Edgars Rink?vi?s, the Minister of Foreign Affairs of Latvia, didn’t mince his words Thursday (26 February) when he called the summit of the Eastern Partnership his country is hosting next May, in its capacity as holder of the rotating EU presidency, “a survival summit”.
Speaking at a public event organised by the European Office of the Konrad-Adenauer-Stiftung, Rink?vi?s said that three months before the Riga summit, on 21-22 May, there were “more open issues than ever”.
Indeed, the Eastern Partnership (EaP) appears to be an increasingly difficult attempt by the EU to deal with its European neighbours. The EU initiative covers Ukraine, Moldova, Belarus, Georgia, Armenia and Azerbaijan, and has exacerbated EU relations with Russia.
The previous such summit, held in Vilnius in November 2013, marked the beginning of the Ukraine crisis when Viktor Yanukovich, the former President of Ukraine, refused to sign a landmark Association Agreement with the EU. The summit’s failure triggered massive pro-EU protests in Kyiv, which led to the eventual ousting of Yanukovich, and paved the way for the current crisis in eastern Ukraine, which supported the former President and its pro-Russian stance.
The Latvian foreign minister said that there was “a war” in Ukraine and that Russia wanted to revise the international security system, and set up an order in which it would have a say in the countries of its sphere of influence. He called this “a return to 19-century politics”.
Rink?vi?s said the EU needed to respond to the question as to what the end goal of this initiative is, because member states had no consensus on offering membership perspective to the Union to any of the countries covered.
The minister said there was a need to develop more individual approaches toward each of the partners. Three of them, Ukraine, Moldova and Georgia seek association, while Armenia has opted to join the Russia-led Customs Union of which Belarus is already a member, and Azerbaijan doesn’t want to change the present status of its relations with the Union, according to Rink?vi?s.
The Latvian minister said that some EU countries saw the Riga EaP summit as “talk about procedure”, but others, including his own, wanted “deliverables”. The jargon term apparently refers to the possibility of granting a visa-free regime to Ukraine and Georgia. In EU jargon, this is called “visa liberalisation”, while “visa facilitation” is offered to countries less advanced in the process of lifting the visa barrier with the EU.
Rink?vi?s said Belarus had played a constructive role over the last year, mentioning that the close ally to Moscow refrained from recognising Crimea’s annexation and hosted diplomatic meetings to seek solutions to the Ukraine crisis.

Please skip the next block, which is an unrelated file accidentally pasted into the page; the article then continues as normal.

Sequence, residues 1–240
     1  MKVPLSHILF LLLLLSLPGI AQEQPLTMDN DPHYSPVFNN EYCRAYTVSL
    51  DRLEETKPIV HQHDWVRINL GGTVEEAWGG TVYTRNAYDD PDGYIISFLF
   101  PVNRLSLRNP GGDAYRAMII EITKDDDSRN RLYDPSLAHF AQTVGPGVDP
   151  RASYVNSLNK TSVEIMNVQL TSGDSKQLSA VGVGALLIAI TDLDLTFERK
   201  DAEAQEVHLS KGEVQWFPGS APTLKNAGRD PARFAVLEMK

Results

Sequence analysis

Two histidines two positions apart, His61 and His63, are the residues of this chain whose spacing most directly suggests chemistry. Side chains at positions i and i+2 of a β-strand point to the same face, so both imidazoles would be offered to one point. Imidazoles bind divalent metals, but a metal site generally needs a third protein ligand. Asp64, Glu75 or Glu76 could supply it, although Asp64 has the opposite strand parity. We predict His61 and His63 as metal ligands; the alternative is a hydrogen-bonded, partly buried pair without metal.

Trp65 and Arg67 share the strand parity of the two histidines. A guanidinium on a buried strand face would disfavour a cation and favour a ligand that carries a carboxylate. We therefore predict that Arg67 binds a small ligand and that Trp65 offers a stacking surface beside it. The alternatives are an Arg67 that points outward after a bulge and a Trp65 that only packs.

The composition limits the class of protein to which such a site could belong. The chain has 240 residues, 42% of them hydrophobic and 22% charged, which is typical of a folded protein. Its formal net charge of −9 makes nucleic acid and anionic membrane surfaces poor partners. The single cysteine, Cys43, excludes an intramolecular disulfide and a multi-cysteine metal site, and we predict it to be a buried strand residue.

Asked if he would invite Belarus leader Alexander Lukashenko to the Riga summit, he said that the wish of the hosts is that all countries be represented at the level of heads of state and government. Lukashenko, until recently called “Europe’s last dictator”, was previously excluded from EaP summits. But he added that this was a decision to be taken by consensus among the 28 member countries.
Rink?vi?s also said that his country wanted to advance the policy of supporting media freedom both at the Riga summit, but also throughout the presidency.
Asked about the proposal of setting up a Russian language TV station with the purpose of countering Russian propaganda, and presenting news objectively, he said that his country was very supportive, but that some questioned “where will we find objective journalists”.
EURACTIV asked Rink?vi?s if he thought that the merger of Daimler AG, of Germany, and Kamaz OJSC, of Russia, a producer of trucks, but also of a large variety of armoured vehicles, was compatible with the EU sanctions against Russia.
“You may imagine that the Commission most probably doesn’t have any reason not to approve the merger,” Rink?vi?s said. But he added that was “not imaginable” how such deals could take place, when Russia had annexed Crimea, and when there was evidence of some Russian military personnel being directly involved in the war in eastern Ukraine.
The Eastern Partnership, initiated by Poland and Sweden, was launched in 2009 with the aim of improving EU ties with Ukraine as well as Armenia, Azerbaijan, Belarus, Georgia and Moldova.
The Eastern Partnership doesn’t offer the prospect of EU membership for the former Soviet republics, although it largely replicates the engagement used in the EU enlargement process.